The Washington Post

The Gang of Six's plan: Better than we're likely to do otherwise

Let's start with what's in the Gang of Six's plan (pdf) — or at least what we know is in it.

The first piece is $500 billion in immediate cuts and new revenue. That mainly comes through a cap on discretionary spending and slowly moving the government's measure of inflation to chained-CPI, which ends up reducing Social Security benefits and raising taxes. It also repeals the CLASS Act, which doesn't save any money in the short-term but potentially saves a fair amount in the long term, lays down some new budgetary rules and sells off some federal property.

But that's $500 billion out of a planned $3.7 trillion. So it's really what comes next that's interesting.

Entitlements come next. The proposal directs the Senate Finance Committee to find $300 billion in health savings to permanently fix the way Medicare pays doctors, and then to pull out another $200 billion in health savings — or perhaps it's $85 billion, the document is slightly confusing — on top of that. It also directs the committee to "maintain the essential health services the poor and the elderly rely on." I take that to mean structural changes such as the Ryan Plan are off the table, but things like raising the Medicare eligibility age or increasing cost sharing are fair game. Various other committees ranging from Armed Services to Energy then have to find another $250 billion or so. We're talking a lot of money here, so the cuts will have to go deep.

Then, tax reform. The code is simplified down to three brackets. Depending on how many loopholes and breaks the negotiators want to eliminate, the brackets will be between 8 and 12 percent for the lowest bracket, 14 and 22 percent for the middle bracket, and 23 and 29 percent for the top bracket. Notably, the Finance Committee is directed to leave the Earned Income Tax Credit and the Child tax Credit, both of which are hugely important to low-income folks, untouched.

But though some of that money is going to lower brackets, the reforms must raise more than $1 trillion in new revenue — including $133 billion for infrastructure. The plan also appears to build the expiration of the Bush tax cuts for income over $250,000 into the baseline. So the total amount of revenue raised might be closer to $2 trillion, if you're counting against where we are now. Of course, if you count against the expiration of the Bush tax cuts, it's a tax cut of about $1.5 trillion. Finally, the plan also calls for revenue-neutral corporate tax reform.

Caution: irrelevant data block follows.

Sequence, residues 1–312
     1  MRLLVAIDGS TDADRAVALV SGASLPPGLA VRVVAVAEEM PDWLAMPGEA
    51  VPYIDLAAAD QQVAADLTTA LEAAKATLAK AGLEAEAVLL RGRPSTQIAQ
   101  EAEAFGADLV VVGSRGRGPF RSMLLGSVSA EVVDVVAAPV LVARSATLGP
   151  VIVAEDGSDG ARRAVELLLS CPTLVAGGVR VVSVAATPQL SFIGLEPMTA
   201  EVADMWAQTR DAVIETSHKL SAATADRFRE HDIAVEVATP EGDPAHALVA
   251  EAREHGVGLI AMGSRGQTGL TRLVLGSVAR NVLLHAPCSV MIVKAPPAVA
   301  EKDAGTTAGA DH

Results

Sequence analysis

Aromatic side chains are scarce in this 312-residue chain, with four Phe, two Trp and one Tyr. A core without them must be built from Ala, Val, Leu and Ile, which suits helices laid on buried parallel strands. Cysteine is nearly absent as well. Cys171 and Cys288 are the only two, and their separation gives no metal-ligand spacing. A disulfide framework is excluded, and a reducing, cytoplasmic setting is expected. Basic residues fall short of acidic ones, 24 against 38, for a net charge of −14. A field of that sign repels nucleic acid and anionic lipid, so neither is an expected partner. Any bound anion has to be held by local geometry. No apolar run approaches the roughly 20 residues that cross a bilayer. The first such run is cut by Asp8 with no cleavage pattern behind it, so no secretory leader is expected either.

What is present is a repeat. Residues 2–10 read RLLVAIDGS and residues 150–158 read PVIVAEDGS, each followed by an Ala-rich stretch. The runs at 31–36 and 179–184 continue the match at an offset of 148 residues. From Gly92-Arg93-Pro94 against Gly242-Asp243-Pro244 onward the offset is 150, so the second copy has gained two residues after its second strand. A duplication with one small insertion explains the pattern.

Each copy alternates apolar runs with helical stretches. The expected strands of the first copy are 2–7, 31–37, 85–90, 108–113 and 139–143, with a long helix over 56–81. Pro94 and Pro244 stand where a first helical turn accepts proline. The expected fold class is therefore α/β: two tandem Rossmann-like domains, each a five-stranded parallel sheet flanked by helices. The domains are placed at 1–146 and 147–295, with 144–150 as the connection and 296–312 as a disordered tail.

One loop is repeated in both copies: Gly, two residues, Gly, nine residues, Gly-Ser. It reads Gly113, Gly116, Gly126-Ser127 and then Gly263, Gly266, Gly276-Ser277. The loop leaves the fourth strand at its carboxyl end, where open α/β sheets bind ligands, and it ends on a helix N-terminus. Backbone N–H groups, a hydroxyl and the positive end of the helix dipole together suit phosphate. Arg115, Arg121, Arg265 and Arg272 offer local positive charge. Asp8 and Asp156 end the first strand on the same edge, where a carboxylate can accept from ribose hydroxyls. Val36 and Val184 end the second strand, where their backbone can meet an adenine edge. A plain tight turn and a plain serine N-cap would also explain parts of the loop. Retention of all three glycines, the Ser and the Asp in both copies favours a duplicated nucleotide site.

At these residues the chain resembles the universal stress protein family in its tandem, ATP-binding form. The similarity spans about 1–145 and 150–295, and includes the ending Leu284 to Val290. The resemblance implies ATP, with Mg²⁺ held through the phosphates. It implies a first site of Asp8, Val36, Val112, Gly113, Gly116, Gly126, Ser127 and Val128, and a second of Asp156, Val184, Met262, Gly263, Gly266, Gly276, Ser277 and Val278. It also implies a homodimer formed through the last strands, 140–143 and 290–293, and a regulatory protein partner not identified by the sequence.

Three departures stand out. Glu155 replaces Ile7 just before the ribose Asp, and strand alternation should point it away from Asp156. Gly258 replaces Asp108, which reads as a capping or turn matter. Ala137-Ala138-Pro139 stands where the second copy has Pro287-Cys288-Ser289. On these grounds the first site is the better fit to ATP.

Then the Budget Committee is charged with drawing up legislation to extend the caps on discretionary spending — which cover both defense and non-defense, and, if I understand this right, cut more than $1 trillion from projected spending — until 2021, and to draw up an enforcement mechanism that will kick in if deficit reduction isn't on track come 2015. Come 2020, federal health spending is put on a global budget, with growth not to exceed GDP plus 1 percent.

Finally, once all that's passed, the Finance Committee is asked to produce legislation making Social Security solvent for the next 75 years, and their product is assured certain procedural advantages. There's very little in the way of specifics here, but there's an odd line suggesting that if this effort fails, then the vote on the whole deficit-reduction plan is invalidated. That sounds wrong to me, so I'll check into it. 

All in all, it looks a lot like the Simpson-Bowles plan, which was pretty much the point of the exercise. A few weeks ago, I wrote a column arguing that, in retrospect, the Simpson-Bowles plan was a pretty good deal: It was more balanced on both the spending and the tax side than the president's April deficit-reduction proposal. I think that it is, if anything, truer now than it was then, and truer in this bill than it was in that bill. This bill, for instance, appears to jettison the Simpson-Bowles recommendation that tax revenues be capped at 21 percent of GDP.

It's become quite clear that a big deficit bill will be more balanced than a series of small bills. It would also be nice to get deficits off of the agenda for awhile so the political system could do other things. And though this doesn't get much attention, you can get more actual reform in a big bill — think of the difference between overhauling the tax code and simply raising rates slightly, or the difference between changing how Medicare pays doctors and simply cutting benefits — than you can out of a small bill, which ultimately means you're making better policy. So though there's lots to argue with in this bill, and lots that I, personally, would like to change, I don't think there's much doubt that it's far better than what Congress is likely to do — or not do — if it fails.

What's also interesting is that we're effectively seeing something of a do-over. Simpson-Bowles didn't really get the support of any of the senators on the committee. They all said they wanted to make changes. Now, they have. Many politicians — a number of them on the right — blasted President Obama for dismissing the Simpson-Bowles plan rather than making it his own. In remarks this afternoon, he said the Gang of Six's product is "consistent" with his principles and made it pretty clear that if the House and Senate agree on a variant of this plan, he'll sign it. So what we have here is a bipartisan deficit-reduction plan that hits the $4 trillion target — or at least gets very close — and carries presidential support. Now we find out if such a thing can actually pass.


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